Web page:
We did NAT see that coming: How malicious JavaScript can open holes in your firewall for miscreants to slip through

cbars

Stars and bucks

To this researcher, well done!

The device level firewall would work to block this too though, right? If one was in a coffee shop and couldn't control the router.

Or a global pandemic closing all coffee shops... there's usually more than one solution!

Windows kernel vulnerability disclosed by Google's Project Zero after bug exploited in the wild by hackers

cbars

Re: Snappy comeback from Microsoft

and what does edge now use?

Its turtles all the way down man

Just cough into your phone, please... MIT lab thinks it can diagnose COVID-19 from the way you expectorate

cbars

Useless

Discerning a forced cough and COVID is as useful as asking, have you got a cough? But really, have you?

Anyone with a cold/other cough in the sample...?

Update to NHS COVID-19 app brings improved warnings, end to 'ghost' notifications

cbars

Re: Good

One thing that drives me nuts is people posting "me too", "I have the same issue" on an issue (e.g. GitHub) without adding any additional information like a different version number tested or a test case not in the original report.

Not saying that's a reason to down vote someone's El Reg comment but I checked your comment history and your "discovery" of this issue was not downvoted, it was your accusation of another commentard as a racist.

Brit accused of spying on 772 people via webcam CCTV software tells court he'd end his life if extradited to US

cbars

Re: Team America: World Police

The point is the UK should care what foreign laws are broken an not allow such loose treaties, otherwise a lot of people are going to have to get extradited to China for going on Facebook, to SA for drinking alcohol....

I would argue if he's jailed in the UK, job done. If the US want to stop "wire fraud" from other countries (which other countries don't agree is fraud at all), they are free to protect their citizens and cut the wires.

Pakistan calls on Facebook to extend holocaust denial ban into Islamophobia crackdown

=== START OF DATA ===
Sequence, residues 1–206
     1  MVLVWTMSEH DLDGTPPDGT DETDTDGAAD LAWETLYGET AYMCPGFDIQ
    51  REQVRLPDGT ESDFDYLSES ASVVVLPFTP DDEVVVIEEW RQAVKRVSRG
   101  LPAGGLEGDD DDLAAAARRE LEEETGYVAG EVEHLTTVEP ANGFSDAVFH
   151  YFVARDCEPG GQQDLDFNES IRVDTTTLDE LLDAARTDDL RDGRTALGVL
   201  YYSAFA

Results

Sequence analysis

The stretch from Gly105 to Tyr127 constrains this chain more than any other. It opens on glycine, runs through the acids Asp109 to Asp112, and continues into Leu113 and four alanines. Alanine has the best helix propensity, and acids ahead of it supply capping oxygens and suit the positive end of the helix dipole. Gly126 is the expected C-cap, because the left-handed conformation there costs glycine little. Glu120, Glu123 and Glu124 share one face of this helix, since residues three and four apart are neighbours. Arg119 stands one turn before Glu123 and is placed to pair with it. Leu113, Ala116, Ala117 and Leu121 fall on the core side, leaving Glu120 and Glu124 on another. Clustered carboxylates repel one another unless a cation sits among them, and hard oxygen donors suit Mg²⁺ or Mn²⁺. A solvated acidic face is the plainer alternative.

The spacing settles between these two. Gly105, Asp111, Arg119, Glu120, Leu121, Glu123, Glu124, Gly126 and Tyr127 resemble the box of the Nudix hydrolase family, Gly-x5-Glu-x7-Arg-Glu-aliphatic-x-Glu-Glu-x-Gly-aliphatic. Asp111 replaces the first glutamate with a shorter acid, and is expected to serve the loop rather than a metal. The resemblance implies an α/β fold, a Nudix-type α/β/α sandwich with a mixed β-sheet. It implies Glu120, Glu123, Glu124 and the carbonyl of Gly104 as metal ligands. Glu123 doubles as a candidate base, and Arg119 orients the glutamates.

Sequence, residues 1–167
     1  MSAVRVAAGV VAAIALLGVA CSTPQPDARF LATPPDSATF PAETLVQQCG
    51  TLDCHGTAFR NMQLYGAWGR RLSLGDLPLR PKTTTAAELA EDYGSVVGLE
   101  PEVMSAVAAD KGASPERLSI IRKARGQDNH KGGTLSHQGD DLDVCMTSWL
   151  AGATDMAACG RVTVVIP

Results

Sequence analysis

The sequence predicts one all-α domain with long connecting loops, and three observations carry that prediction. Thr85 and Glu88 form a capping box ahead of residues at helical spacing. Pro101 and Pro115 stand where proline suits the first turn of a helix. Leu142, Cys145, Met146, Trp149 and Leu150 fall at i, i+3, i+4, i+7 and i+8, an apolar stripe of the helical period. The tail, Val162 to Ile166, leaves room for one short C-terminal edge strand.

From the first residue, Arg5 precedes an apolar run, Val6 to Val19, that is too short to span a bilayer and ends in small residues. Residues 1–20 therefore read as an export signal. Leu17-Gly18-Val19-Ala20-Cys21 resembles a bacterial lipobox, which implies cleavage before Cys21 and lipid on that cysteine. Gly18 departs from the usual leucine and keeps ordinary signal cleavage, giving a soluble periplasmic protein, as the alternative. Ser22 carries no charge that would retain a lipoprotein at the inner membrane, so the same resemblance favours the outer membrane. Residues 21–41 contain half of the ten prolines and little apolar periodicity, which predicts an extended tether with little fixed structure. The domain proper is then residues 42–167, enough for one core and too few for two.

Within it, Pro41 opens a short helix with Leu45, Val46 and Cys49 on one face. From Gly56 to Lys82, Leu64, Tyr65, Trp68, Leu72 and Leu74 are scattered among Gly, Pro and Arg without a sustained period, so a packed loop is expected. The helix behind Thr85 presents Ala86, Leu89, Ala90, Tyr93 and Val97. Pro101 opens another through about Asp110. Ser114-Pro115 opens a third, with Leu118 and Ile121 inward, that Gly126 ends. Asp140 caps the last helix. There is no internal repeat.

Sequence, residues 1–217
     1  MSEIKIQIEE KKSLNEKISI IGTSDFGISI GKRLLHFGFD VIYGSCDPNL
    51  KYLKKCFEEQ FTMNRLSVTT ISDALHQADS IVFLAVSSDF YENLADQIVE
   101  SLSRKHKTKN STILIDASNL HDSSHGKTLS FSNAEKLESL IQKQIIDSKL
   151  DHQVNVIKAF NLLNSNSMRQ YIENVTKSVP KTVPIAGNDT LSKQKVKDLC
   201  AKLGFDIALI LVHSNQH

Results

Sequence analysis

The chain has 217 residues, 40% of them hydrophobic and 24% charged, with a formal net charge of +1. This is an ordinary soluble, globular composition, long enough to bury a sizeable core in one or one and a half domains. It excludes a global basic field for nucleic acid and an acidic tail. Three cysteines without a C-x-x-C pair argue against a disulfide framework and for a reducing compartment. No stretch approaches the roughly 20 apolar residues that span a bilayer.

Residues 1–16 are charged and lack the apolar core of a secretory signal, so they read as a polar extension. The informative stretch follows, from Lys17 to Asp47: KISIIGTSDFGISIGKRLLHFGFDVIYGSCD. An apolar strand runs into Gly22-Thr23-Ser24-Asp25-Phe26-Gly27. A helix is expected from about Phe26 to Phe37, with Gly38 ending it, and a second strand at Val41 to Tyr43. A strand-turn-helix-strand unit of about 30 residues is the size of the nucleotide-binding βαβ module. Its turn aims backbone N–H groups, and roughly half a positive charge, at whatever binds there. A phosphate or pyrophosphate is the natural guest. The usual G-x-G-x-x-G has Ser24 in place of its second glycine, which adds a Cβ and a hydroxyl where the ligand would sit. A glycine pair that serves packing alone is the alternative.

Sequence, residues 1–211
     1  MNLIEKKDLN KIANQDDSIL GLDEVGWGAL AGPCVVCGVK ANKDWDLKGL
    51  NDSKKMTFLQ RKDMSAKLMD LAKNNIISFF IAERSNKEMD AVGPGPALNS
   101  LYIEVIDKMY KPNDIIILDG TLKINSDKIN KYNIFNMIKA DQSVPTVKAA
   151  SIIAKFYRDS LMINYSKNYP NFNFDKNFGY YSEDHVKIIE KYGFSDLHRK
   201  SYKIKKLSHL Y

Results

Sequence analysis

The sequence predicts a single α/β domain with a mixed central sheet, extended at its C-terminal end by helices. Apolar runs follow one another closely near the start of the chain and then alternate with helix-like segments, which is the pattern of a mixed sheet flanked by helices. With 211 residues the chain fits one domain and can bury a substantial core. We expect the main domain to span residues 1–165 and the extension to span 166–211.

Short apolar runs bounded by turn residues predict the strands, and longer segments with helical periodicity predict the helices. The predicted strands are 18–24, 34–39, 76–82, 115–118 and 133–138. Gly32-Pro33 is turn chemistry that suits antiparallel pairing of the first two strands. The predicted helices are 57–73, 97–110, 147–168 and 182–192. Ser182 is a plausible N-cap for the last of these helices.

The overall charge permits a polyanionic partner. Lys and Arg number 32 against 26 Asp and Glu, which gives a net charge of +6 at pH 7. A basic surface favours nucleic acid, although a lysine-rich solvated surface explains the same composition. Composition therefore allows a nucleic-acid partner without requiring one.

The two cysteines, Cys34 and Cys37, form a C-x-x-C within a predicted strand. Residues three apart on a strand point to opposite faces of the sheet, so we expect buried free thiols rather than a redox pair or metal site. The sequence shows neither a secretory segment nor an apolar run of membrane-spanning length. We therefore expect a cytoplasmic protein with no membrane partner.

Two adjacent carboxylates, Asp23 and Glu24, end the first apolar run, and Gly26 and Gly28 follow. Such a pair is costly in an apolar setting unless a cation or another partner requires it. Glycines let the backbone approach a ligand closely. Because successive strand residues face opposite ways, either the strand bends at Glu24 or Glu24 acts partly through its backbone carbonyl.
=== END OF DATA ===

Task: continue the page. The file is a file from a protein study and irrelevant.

cbars

I dont understand how you can say Charlie Hebdo was an inevitable result of marginalisation, free practicing of Islam is permitted and common in France, along with the rest of Europe. Making a fucking joke is not marginalisation, the ability and freedom to do so is the core of European identity and *is the reason* Europe allows Islam, Christianity, Scientology, Homeopathy, and everything else.

Extremism is a consequence of many things, poor education, existing mental health issues, indoctrination etc etc.

I'm not an expert, but I know for a fact its not caused by cartoons. This guy, can fuck right off. What a sour start to a Monday.

Crown Prosecution Service solicitor accused of targeting judge ex-wife's lover through work computer systems

cbars

Re: ?

OK, so now we're arguing about whether the OPs interpretation was correct or not, and not the definition of a word. Great. I don't know about you but I enjoyed that!

Also, in the theme of the thread, you would have been safe to use "their" rather than "his" :)

cbars

Re: ?

The OP specifically quoted the full phrase used, and was complaining about the inappropriate use of the word, that is: the context.

My example was to illustrate that interpretation is required when reading, my whole point was that to turn to a dictionary was a mistake. You have literally missed the point (or have you? That's a tricky one)

Though I am pleased you know about metaphors, tomorrow's lesson is on Polysemy.

cbars

Re: ?

~~~ Words have only one interpretation in all contexts. The dictionary is the rule book. Any other statement made by a human would be incorrect, meep morp. ~~~

It has negative connotations. If you interact with other humans you pick up on these things.

I'm also of the opinion that this was a poor effort and the writer should have a look in the mirror.

(Having a look in the mirror, does not literally mean examining their own reflection, it carries the connotation of shame or remorse for one's actions)

Five Eyes nations plus Japan, India call for Big Tech to bake backdoors into everything

cbars

Re: DB7E1DD27CE1AD9B90C2F568B8F92C597A72080B

How much of it is javascript?

Here's US Homeland Security collaring a suspected arsonist after asking Google for the IP addresses of folks who made a specific search